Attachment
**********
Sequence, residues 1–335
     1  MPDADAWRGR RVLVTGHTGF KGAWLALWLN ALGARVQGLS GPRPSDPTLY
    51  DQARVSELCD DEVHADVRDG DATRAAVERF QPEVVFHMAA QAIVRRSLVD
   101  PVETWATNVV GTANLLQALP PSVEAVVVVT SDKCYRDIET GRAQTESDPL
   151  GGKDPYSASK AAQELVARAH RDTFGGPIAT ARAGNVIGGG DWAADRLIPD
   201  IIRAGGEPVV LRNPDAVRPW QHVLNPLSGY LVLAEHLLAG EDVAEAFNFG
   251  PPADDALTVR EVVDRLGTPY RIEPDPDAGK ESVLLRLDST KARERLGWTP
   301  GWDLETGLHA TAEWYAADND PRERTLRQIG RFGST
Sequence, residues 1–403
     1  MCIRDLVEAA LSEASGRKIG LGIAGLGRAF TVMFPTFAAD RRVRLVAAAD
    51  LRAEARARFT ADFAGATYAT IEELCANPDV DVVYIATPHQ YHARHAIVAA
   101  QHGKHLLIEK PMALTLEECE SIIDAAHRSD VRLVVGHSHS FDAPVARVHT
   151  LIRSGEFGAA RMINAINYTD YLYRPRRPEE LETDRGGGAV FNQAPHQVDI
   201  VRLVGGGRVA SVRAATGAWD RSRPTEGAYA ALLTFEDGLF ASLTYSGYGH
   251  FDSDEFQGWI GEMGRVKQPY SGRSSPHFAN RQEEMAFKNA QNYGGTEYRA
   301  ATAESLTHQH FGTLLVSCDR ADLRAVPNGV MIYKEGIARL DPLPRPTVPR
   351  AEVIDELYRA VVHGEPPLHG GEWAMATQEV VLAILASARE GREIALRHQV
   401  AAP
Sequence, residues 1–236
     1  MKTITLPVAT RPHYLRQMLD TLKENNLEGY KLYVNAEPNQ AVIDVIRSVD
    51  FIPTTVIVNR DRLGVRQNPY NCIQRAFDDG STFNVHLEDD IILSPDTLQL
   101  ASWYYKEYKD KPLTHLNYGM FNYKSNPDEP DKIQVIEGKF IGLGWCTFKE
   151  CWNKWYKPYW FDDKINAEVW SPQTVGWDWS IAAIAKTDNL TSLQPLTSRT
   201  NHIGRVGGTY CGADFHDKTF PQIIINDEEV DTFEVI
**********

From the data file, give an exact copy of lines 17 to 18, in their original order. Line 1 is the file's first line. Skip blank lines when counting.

   351  AEVIDELYRA VVHGEPPLHG GEWAMATQEV VLAILASARE GREIALRHQV
   401  AAP